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As cybercrime rises, so does a new – and successful – breed of cybercops

Cybercrime is increasing, but one new study finds that cybercops have become a lot more effective at discovering data breaches and informing the often unaware victims.

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Amid the flurry of cybercrime news that dominated headlines last year, from rampaging hacktivists and cyberspies to rising sabotage threats to infrastructure control systems – there was something else: the cybercops on the beat did a better job, too.

While most studies and surveys found cybercrime was increasing and spawning more serious threats to society, one new study also finds that cybercops are doing a lot better at discovering criminal data breaches on their own – and then alerting the victim companies that frequently often had no idea of the financial and other data being stolen from their networks.

“The good news for organizations is that the effectiveness of law enforcement to detect breaches increased almost five-fold in 2011,” according to the Trustwave 2012 Global Security Report, published by a Chicago-based cybersecurity company that tracks cybercrime trends.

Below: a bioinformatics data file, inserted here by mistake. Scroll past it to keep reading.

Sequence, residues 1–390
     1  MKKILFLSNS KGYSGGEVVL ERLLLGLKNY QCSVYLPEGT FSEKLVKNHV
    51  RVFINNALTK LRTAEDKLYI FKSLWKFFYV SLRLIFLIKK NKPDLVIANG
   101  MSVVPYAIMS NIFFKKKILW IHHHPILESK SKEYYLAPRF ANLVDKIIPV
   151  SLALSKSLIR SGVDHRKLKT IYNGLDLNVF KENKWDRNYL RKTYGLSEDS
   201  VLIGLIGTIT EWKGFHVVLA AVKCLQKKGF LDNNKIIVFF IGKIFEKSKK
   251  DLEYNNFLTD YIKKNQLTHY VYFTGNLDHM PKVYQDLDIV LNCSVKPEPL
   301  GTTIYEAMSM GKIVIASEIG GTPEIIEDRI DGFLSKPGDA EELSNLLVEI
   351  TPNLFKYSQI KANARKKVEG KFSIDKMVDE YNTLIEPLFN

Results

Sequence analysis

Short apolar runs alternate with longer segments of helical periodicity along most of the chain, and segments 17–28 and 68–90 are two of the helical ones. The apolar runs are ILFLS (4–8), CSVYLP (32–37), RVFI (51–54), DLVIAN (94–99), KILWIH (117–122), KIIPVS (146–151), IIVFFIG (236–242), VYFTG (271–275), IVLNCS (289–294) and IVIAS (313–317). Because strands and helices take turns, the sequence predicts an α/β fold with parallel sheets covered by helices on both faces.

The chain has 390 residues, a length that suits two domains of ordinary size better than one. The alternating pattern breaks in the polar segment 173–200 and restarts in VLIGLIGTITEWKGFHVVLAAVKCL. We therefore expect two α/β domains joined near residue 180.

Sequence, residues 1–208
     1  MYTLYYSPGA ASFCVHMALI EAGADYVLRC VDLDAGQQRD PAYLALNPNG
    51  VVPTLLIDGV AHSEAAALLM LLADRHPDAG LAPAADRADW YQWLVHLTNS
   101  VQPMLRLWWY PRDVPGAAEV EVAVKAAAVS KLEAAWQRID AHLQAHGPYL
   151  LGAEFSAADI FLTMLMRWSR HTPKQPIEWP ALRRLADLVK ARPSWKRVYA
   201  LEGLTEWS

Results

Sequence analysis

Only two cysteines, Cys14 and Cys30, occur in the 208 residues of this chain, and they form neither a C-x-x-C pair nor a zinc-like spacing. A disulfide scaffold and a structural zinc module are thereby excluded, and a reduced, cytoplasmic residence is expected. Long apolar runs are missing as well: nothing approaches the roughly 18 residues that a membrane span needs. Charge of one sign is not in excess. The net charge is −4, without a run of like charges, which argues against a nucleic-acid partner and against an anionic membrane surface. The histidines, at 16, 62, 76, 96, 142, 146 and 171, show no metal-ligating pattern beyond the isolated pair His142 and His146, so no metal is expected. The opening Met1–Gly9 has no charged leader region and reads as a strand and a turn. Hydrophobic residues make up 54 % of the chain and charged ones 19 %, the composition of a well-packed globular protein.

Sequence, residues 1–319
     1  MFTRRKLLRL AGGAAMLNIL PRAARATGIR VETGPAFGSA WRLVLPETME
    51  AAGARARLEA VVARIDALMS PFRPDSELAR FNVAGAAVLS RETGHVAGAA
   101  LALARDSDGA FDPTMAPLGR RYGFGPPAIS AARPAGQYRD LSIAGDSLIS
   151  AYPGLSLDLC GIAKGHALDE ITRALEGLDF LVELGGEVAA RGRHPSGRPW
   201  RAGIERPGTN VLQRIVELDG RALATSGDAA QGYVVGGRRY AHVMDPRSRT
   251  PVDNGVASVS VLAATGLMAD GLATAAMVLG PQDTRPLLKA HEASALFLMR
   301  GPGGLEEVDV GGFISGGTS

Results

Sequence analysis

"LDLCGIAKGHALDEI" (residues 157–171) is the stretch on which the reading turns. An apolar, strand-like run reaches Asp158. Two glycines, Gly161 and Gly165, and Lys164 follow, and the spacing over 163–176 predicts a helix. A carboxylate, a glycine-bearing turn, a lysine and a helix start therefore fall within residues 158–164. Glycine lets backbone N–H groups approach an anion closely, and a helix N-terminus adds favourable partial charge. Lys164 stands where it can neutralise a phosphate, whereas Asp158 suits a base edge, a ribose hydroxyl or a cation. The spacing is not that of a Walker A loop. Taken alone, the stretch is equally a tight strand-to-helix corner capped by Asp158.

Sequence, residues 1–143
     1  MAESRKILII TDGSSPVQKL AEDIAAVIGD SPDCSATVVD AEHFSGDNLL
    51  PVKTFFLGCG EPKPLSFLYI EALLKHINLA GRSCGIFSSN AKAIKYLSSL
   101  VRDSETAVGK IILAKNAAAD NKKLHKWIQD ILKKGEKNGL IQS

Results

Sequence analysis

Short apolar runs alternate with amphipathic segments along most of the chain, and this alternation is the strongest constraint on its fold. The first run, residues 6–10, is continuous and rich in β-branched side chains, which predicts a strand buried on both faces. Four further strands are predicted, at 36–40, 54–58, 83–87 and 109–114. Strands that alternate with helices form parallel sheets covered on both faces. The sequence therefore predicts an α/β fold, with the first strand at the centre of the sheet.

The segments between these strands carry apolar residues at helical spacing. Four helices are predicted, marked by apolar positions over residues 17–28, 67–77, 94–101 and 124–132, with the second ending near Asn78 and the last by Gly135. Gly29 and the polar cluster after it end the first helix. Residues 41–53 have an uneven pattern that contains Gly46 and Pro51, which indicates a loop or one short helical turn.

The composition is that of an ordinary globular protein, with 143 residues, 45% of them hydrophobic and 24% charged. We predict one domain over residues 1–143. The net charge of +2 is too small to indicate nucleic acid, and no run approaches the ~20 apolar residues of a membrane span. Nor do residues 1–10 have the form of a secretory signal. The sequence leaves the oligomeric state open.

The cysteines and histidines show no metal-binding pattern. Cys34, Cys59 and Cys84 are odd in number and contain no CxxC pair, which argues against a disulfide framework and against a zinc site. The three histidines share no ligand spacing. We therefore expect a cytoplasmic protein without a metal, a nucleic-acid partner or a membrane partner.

Of the approximately 3,000 organizations that reported a cybersecurity breach to Trustwave last year, 33 percent had been notified by law enforcement. That's compared with just seven percent in 2010, the report said.

That nearly five-fold jump is mainly thanks to an increased focus on the problem, including more resources devoted by national crime units like the US Secret Service, Australian Federal Police, and the UK’s Serious Organized Crime Agency, as well as international groups like Interpol.

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